The Oak Creek Gurudwara is my brother’s and frequently my parents’ sangat. Over the years, they have described to me how, with deep love and commitment, the community came together to build the Gurudwara. How every week the Gurudwara provided a refuge, a sanctuary, a sense of home, a sense of belonging from the isolation of being an accented brown-skinned immigrant living in Wisconsin. When I heard about the shooting at Oak Creek Gurudwara, I happened to be facilitating at an immigrant and refugee youth camp. Dozens of young middle-school and high-school aged racialized immigrants and refugees from Latin America, Asia and Africa were describing being taunted and bullied at school, feeling discriminated against by their teachers, the hardships of systemic poverty, daily fears of detention and displacement, and feeling like “unwelcome and unwanted parasites.” As young people in British Columbia, Canada they were articulating an experience of racism similar to that which my family faces living in the Midwest of America.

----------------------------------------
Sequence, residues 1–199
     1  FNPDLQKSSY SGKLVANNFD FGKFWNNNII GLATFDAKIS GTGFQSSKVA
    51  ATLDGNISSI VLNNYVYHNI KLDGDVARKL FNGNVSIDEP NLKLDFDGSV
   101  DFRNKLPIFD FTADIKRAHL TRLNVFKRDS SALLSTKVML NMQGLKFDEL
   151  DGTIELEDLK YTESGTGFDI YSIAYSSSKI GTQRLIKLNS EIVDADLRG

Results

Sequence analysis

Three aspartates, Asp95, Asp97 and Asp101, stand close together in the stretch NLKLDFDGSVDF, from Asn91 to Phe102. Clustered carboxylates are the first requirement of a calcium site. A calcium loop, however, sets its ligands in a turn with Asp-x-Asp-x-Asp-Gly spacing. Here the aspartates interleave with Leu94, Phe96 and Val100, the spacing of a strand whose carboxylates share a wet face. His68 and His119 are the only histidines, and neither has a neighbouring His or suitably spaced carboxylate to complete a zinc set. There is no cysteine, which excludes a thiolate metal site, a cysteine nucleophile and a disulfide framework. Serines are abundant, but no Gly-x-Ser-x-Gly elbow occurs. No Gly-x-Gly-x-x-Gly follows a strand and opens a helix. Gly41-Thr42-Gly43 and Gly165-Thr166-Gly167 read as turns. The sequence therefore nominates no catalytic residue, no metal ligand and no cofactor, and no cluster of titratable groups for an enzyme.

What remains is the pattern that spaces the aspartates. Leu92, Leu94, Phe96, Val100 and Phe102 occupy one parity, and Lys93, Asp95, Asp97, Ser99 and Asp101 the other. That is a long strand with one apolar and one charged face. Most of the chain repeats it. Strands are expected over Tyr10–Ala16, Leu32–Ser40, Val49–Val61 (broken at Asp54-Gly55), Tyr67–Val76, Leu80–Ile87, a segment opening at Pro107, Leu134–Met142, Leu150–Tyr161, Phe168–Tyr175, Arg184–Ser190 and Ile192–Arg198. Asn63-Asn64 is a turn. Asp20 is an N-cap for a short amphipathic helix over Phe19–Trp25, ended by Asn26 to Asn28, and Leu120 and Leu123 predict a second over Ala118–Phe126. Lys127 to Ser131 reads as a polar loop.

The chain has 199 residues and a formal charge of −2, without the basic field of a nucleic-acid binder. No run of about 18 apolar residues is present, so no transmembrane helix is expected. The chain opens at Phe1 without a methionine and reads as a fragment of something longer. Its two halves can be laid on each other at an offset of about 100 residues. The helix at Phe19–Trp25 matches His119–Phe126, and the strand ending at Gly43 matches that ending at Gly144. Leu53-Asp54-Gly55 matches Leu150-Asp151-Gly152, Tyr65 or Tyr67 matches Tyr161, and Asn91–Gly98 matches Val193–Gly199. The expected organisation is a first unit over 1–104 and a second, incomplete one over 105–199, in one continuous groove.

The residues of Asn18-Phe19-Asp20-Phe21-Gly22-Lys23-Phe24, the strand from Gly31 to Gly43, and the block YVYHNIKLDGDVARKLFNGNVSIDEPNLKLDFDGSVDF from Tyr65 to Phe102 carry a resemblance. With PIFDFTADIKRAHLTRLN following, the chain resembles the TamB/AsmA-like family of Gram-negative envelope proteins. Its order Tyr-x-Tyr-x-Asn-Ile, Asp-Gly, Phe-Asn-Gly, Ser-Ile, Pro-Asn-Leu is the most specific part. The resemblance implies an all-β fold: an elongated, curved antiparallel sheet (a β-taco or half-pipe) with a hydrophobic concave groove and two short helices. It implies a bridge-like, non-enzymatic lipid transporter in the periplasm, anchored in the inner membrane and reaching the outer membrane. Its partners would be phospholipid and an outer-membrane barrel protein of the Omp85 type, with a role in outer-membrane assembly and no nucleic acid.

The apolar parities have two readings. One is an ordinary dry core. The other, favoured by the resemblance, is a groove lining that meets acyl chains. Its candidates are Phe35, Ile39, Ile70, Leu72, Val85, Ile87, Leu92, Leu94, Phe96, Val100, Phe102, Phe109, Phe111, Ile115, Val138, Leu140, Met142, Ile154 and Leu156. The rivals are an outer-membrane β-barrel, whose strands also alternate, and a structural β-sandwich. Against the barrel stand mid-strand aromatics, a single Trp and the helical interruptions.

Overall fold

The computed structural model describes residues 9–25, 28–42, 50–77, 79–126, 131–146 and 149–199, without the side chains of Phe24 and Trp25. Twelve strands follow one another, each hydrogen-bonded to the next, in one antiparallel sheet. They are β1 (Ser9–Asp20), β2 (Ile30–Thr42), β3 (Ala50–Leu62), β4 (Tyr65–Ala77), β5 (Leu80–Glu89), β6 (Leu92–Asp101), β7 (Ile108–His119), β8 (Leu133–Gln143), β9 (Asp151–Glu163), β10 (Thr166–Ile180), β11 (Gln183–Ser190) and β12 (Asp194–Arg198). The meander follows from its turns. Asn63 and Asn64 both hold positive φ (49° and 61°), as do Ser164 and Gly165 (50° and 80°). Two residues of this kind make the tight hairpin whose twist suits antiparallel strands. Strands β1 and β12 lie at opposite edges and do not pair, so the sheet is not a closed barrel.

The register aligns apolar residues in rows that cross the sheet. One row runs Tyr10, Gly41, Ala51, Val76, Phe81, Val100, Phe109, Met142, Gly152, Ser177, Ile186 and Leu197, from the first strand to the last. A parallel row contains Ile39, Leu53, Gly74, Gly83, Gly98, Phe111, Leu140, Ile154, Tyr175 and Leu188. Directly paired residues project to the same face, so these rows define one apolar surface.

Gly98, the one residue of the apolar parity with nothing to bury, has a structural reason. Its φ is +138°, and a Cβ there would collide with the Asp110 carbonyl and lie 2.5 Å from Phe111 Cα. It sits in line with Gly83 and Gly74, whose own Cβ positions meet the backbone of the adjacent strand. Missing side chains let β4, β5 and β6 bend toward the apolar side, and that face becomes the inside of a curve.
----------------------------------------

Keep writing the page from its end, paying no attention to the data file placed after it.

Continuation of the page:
While these murders were abhorrent, they were not “senseless.” The ad nauseum suggestion that the killings were senseless attempts to construct the shooting as random and without logic, when in fact racist hate crimes operate through the very deliberate and precise logic of white supremacy.
The local Sikh community in Milwaukee had been raising concerns about racial harassment, targeting, and violence for at least the past year. The Sikh Coalition has reported more than 700 incidents of anti-Sikh hate crimes in the U.S. since 9/11. One of those was 49-year-old Balbir Singh Sodhi, the first post 9/11 hate-crime fatality. He was shot five times on September 15, 2001 in Mesa, AZ and his murderer Frank Silva Roque admitted that he killed Sodhi because he was dark, bearded, and wore a turban. White supremacy is fostered, cultivated, condoned, and supported–in the education system and mainstream corporate media, from military missions to the prison industrial complex.